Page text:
Here is a fantastic recipe for seared grouper cheeks that is on the menu at the Hyatt Regency in Orlando: Prepare the Grouper Cheeks Heat 1 tablespoon of olive oil in a sauté pan and season 8 grouper cheeks with sea salt and pepper to taste before adding to the hot pan.
Cook for 2 minutes before it turns golden brown and then flips the cheeks. Prepare the Creamed Corn Take out the oil and butter from the pan before adding 2 tbsp of diced onions.
Heat oil in a pan and fry the tomato skins till they turn crispy. Remove from the pan and place on a paper towel to drain before seasoning with salt.
Then place two blistered peppers crosswise on the side of the plate as well as some crispy tomato skin. A: It is a piece of the fish that is connected to the bottom jaw, which includes the pectoral fins and extends right down to the stomach.
The red grouper is more popular with anglers because of the intense fight it puts up when it is hooked. Any thicker or thinner than this means that you will have to increase or decrease the cooking time.
According to the website, EDF Seafood Selector, white-fleshed fish, in particular, is lower in fat than any other source of animal protein and the omega-3s found in fish (EPA and DHA) appear to provide the greatest health benefits. Melt butter in a small skillet over medium heat.
Combine mayonnaise and lemon zest in a small bowl. Use a paper towel to pat dry the fish fillets and season to taste on both sides with salt and pepper.
Use a pastry brush and coat the tops and sides of the fish fillets evenly with a thin layer of the mayonnaise mixture. Dredge a fillet in the pinko breadcrumb mixture and make sure the top and sides are evenly coated.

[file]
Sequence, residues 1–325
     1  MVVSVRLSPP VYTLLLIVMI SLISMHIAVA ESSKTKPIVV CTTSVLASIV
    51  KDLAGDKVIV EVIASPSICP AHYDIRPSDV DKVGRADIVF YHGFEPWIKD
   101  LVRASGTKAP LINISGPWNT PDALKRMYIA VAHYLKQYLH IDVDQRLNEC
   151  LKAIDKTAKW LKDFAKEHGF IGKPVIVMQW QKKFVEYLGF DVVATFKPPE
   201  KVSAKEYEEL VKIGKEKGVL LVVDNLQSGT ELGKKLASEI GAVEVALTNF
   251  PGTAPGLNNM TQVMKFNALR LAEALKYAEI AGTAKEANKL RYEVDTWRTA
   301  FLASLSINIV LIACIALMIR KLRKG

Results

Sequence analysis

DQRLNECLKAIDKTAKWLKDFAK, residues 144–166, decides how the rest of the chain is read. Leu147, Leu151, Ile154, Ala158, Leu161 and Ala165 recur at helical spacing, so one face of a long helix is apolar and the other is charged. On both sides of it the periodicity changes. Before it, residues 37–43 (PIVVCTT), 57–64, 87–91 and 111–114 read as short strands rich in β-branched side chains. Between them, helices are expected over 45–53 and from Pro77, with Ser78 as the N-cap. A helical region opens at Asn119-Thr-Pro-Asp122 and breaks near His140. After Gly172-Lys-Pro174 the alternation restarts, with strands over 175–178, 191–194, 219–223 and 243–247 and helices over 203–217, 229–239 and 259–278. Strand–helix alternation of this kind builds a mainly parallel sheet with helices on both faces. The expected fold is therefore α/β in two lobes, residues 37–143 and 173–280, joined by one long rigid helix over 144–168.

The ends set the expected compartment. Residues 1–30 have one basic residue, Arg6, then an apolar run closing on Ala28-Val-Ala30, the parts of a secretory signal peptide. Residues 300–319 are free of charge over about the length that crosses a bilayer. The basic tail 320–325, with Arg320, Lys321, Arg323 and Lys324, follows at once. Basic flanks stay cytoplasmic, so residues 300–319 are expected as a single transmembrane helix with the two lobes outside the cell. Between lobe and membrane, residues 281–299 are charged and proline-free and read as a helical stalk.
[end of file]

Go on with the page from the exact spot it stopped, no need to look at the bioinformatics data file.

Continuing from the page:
Melt butter in a small skillet over medium heat. Use a paper towel to pat dry the fish fillets and season to taste with salt and pepper.
Use a pastry brush and coat the tops and sides of the fish fillets evenly with a thin layer of the mayonnaise mixture. Dredge the fillets in the pinko breadcrumb mixture and make sure the top and sides are evenly coated.
Bake the fillets for about 30-35 minutes, or until a meat thermometer inserted in the thickest part of the fillet registers 140 degrees and the fish flakes easily when a fork is inserted. There are a group of regulars that hang at our local marinas who love to get grouper heads and bones we have left over after cleaning the fish.
Blackening fish is an easy method of cooking them in a seasoned skillet to produce a dark-brown exterior and a wonderfully moist interior. While the use of a cast-iron skillet is preferred, a sauté pan also can be used with good results. This recipe was originally published in “Ralph Brennan's New Orleans Seafood Cookbook,” and is used with permission.
“It will impress your dinner guests and it’s so easy to do.” This recipe is courtesy of Pro Angler and Team Toyota athlete Terry Scroggins. With no real cold weather in sight there should still be some very good grouper fishing ahead of us.
Ingredients: -Fish head and carcass -Two onions -bottle of white wine -olive oil or butter -leeks -potatoes cubed -bay leaves -dill -couple of lemons or limes -fresh cream -salt and pepper to taste Preparation: Salute the onions in butter or olive oil (or both) until soft in a large stock pot.
Once the fish has cooled down enough pick all the meat off, try not to break the chunks up too much. Add the leeks, potatoes, some more bay leaves, dill and squeeze in some lemon or lime to taste.